Sunday, 13 October 2013

VolksWagon Durga

So it’s that time of the year again when people who are neutral to both parties, have to decide where to go; to Garba or to Durga Puja. I had to make such a decision this year because of two reasons, the first being that the majority of my friends are Bengalis and the other being that the place I used to go to watch Garba, cancelled at the last moment due to torrential rains (that came out of nowhere).

So, this was the year of the Mother Goddess and so we went around visiting all the Bengali associations organizing the puja, clicked a lot of photos, ate a lot of chicken and also prayed a lot wee bit.

One of the main places we visited continuously over the days was quite close to my place and one of my friends was involved in service at the alter there. The first thing we noticed as we entered the place was a stall containing two shiny new cars of a certain company that had played a major role in sponsoring the event. I was amused and so was my friend because we were hoping to test-ride that very car the previous day. How curious! An omen? Maybe… Anyhow, we proceeded within and payed our respects to the Mother Goddess after which turned directly to the awesome and highly over-priced food stalls that one usually finds at such occasions. This became a routine for us and every day we couldn't help but notice the cars right at the entrance. We held our tongues at the religious sentiment of our zealous friend but one day we simply couldn't restrain ourselves and we told her what we had envisioned for Durga Puja next year. Goddess Durga riding a car instead of the Lion and running over the Demon Mahisasur.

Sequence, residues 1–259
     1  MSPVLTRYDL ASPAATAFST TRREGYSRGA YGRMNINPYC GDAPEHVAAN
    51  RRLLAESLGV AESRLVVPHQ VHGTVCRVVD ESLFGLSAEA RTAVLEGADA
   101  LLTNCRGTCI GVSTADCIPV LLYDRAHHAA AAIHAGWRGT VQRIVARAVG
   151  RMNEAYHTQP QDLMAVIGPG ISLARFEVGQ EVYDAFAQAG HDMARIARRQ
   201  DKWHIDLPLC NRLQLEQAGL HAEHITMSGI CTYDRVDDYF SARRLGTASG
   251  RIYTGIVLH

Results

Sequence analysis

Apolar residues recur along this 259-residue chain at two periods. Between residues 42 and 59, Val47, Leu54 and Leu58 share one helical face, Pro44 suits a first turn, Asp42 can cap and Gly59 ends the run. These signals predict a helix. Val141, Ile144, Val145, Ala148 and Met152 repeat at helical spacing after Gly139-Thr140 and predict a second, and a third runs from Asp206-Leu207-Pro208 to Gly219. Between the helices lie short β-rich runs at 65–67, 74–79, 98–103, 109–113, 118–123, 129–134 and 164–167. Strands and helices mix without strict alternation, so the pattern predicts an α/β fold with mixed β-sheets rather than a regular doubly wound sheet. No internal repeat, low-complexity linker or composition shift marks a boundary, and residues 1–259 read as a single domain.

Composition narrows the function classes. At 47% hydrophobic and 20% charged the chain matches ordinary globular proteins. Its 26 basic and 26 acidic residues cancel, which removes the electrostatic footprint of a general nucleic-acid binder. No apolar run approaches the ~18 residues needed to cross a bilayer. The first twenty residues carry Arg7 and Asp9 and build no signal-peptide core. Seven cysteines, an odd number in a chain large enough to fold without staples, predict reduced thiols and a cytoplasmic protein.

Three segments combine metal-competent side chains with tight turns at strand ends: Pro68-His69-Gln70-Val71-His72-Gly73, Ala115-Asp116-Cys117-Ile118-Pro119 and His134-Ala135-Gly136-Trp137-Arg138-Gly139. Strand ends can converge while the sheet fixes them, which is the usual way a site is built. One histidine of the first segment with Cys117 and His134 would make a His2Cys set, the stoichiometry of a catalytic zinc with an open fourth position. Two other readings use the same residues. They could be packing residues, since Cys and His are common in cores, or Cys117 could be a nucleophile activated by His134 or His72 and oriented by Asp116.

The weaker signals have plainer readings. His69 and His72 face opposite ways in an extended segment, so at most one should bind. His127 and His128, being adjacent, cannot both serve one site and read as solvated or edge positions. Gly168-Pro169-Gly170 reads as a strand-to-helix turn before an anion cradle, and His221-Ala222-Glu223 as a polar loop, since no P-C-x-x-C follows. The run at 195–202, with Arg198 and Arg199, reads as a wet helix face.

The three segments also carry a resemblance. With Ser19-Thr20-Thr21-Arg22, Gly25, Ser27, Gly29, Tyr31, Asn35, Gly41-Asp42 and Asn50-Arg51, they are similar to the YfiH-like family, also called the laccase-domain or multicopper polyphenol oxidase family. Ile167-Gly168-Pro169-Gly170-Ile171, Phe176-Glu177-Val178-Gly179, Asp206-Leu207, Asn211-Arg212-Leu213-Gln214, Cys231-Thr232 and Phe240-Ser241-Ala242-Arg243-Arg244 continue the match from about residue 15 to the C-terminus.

Her reaction? Well, let’s just say that if she were Cyclops, we’d be charred remains of human beings; that’s how she looked at us. But after a moment she looked towards the massive statue, glanced at the cars and burst out in a fit of laughter that assured us that we were not going to be kicked all the way home after all.

This incident however has drawn me to think of events and especially those of the religious kind, which have become increasingly more commercialized over the years. When we look at Navratri or Ganeshotsav or Durga Puja in this instance, I’ve felt that religion has not only become more politicized as we know, but even more commerce driven. Asking conglomerates to sponsor such events instead of collecting money from the religious; leasing out food stalls to restaurants and caterers instead of having community meals and putting up hoardings and banners at a place of religious worship are all signs that, according to me, is leading the youth away from not only religion, but also spirituality per se. when we youngsters see our God/s being sold out in such a way, we tend to wonder about the futility of it all. It is exactly contradictory to what is taught to us by way of religious education here in India.

How then can the older generation rightly claim that we, the youth, are not spiritual?

Don’t they see that they have lost us somewhere down the line?

But I think, on the brighter side, it is this very disillusionment that has allowed the youth today to think freely and that in my opinion is what is required today; to think fresh, anew, without the bonds of religion to hinder the progress of this nation.

Note: This post is not meant to be disrespectful to any religion, people or God/s. It is just my personal opinion on what I've observed in my vicinity. Any connection to people (living or dead) or Companies (and franchises) or Gods (and Goddesses) is merely coincidental and is not deliberately meant.

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